My personal favorite part of the book covers his tour jaunt to Transylvania where he discovers that, to paraphrase Dennis Miller, the worst thing about vampire tourism is the people you go on the tour with.
Yeah, last night he did. This jaded Washingtonian, who tries to live in DC totally separate from politicians and the whole “The Hill” establishment, who hasn’t voted in years (my dirty secret, now exposed) actually wept after watching Obama’s infomerical.
Beyond who you are voting for, or even this election, this is the type of political ad we should be seeing from our politicians. Ones that offer hope and guidelines of what they promise to do. Not more sniping and backstabbing.
Maybe then we can have people refer to Washington DC in the positive instead of the pejorative sense. And I’d be able to fraternize with “Hill People” without that dirty feeling.
Metro Man passed through Metro Center in the middle of the afternoon recently and was greeted with the infamous Metro Zamboni, which polishes platforms and pushes people aside at the most inconvenient times.
Why does Metro do maintenance like this in the middle of the day or at rush hour when there are tourists and travelers on the platform, risking people slipping or even falling (or getting pushed off the platform) onto the tracks? It’s incredibly misanthropic, more so when riders are being yelled at to get out of the way of a cleaning machine that should be doing this work after hours.
A month or so ago, Matt and I went on a weekend getaway to Charlottesville, Virginia. I was looking to shake DC for the weekend, and Charlottesville is about 4 hours away (round trip), a perfect weekend trip. Matt got his masters degree at UVA, and so he was thrilled to get to show me around his Alma mater.
We “named our own price” for a hotel on Priceline – something I encourage everyone to do, always. If you’re not familiar with it, you should be, you can save some SERIOUS money using it. We usually go for a four star hotel when we bid on travel, and I think we wound up getting the Holiday Inn for $60, over half off the $147 face price. If you’re willing to let go of a little control, or have a very well thought out strategy, you’re bound to wind up with at least half off the retail price wherever you go. We learned how to do Priceline through Bidding for Travel, it’s an easy way to educate yourself on good bidding strategy. It might be a little bit intar-webs ghetto, and the admin is a touch grumpy, but the site itself is a goldmine of bidding how-to and what you can expect to pay. But I digress. Continue reading →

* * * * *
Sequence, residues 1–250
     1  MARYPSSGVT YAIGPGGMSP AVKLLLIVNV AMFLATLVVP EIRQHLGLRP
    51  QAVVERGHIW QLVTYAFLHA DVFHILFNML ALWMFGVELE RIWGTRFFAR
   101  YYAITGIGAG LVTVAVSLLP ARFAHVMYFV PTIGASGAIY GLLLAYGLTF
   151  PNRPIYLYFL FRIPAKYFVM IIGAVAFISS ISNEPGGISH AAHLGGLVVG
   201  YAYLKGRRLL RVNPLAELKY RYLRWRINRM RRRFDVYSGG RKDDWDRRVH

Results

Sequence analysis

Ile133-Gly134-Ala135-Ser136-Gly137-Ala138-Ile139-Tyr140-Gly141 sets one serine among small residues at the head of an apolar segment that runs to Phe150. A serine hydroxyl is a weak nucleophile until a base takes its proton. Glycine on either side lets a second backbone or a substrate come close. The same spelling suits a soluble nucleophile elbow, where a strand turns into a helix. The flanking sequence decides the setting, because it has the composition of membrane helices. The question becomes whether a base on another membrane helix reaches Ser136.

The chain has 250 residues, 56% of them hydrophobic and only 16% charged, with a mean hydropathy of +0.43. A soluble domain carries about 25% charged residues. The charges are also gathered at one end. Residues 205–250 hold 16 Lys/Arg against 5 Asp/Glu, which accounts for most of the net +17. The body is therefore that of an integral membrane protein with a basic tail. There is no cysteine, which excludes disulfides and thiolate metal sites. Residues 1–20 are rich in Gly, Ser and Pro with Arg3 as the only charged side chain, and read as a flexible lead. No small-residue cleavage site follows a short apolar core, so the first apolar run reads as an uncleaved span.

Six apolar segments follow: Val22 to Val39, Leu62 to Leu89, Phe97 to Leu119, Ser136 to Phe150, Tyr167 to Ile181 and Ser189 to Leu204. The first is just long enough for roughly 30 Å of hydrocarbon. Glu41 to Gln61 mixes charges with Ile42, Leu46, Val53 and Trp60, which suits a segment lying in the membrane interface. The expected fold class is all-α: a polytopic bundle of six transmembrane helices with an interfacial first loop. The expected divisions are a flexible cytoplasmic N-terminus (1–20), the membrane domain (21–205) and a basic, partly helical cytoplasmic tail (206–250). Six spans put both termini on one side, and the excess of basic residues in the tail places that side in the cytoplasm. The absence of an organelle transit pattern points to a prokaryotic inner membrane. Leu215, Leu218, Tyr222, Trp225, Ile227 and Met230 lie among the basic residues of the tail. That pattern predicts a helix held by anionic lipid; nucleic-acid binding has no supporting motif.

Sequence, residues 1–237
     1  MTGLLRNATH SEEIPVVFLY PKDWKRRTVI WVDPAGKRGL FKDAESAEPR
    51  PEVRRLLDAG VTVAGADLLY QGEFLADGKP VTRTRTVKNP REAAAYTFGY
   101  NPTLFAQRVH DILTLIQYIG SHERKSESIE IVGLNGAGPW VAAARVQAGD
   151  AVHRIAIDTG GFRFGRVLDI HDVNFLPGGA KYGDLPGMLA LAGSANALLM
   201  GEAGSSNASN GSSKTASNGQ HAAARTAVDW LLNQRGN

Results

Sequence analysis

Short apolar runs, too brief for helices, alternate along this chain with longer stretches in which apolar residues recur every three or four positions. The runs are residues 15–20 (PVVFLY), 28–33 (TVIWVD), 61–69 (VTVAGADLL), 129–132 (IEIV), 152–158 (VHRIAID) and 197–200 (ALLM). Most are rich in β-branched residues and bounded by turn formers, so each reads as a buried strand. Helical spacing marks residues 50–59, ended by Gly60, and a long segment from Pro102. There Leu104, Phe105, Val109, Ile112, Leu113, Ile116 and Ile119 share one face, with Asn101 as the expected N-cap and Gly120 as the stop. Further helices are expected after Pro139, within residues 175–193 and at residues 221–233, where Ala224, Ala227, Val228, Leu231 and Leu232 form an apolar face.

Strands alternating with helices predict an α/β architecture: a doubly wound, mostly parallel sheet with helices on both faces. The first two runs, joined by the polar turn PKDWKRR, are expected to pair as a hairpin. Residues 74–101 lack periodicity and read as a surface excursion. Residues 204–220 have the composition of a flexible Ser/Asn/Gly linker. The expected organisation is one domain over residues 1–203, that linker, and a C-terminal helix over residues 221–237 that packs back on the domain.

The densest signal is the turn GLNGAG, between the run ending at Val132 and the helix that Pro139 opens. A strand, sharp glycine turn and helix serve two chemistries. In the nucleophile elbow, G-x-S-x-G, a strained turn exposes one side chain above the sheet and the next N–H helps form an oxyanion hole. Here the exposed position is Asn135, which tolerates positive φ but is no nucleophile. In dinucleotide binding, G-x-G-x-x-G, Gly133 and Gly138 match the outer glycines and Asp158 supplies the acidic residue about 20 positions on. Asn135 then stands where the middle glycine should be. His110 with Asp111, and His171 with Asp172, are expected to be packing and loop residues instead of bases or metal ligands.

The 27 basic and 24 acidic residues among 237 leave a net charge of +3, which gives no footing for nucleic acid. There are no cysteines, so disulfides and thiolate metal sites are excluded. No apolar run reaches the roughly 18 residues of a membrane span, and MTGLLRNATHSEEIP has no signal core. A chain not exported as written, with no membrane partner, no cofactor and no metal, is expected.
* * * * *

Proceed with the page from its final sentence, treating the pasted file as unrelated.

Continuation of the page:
It’s a good read, though mostly review for those of us who have been screaming about this for, oh, 7 years now. It boils down to, be polite, be non-confrontational, and don’t do anything that might be perceived as a threat to the officers or others. You want to exercise your constitutional rights, not provide “probable cause.”
Boy is it windy out there! And it was far windier last night at the High Heel Race. So, I must admit something… as much as I love DC…I really strongly dislike DC weather. Actually, I’m going to be really honest…I HATE the weather. Yeah, I did it. I named something on a blog called We Love DC that I actually hate about DC. This place can’t be all warm fuzzies. So… here’s my rant.
First off, what the heck is up with all this crazy wind? Nobody warned me about this. We are not Chicago, I did not sign up for this! I can barely keep my scarf on these days. Plus, gloves are useless when the wind blows straight through them.
And what is up with going from summer to winter? Where is fall? My roommate was complaining the coat she bought for crisp fall days lasted her all of a week! It fast became cold enough for our long winter coats. There’s no “fall” – it goes straight from 70 degree days to 30 degrees nights!
It could be my thin southern blood, but boy do I miss summer… How are you faring out there? Are you like my co-worker Stephen who adores the chilly weather and loves winter-wear, or are you more like me, who longs for the yesteryear of summer?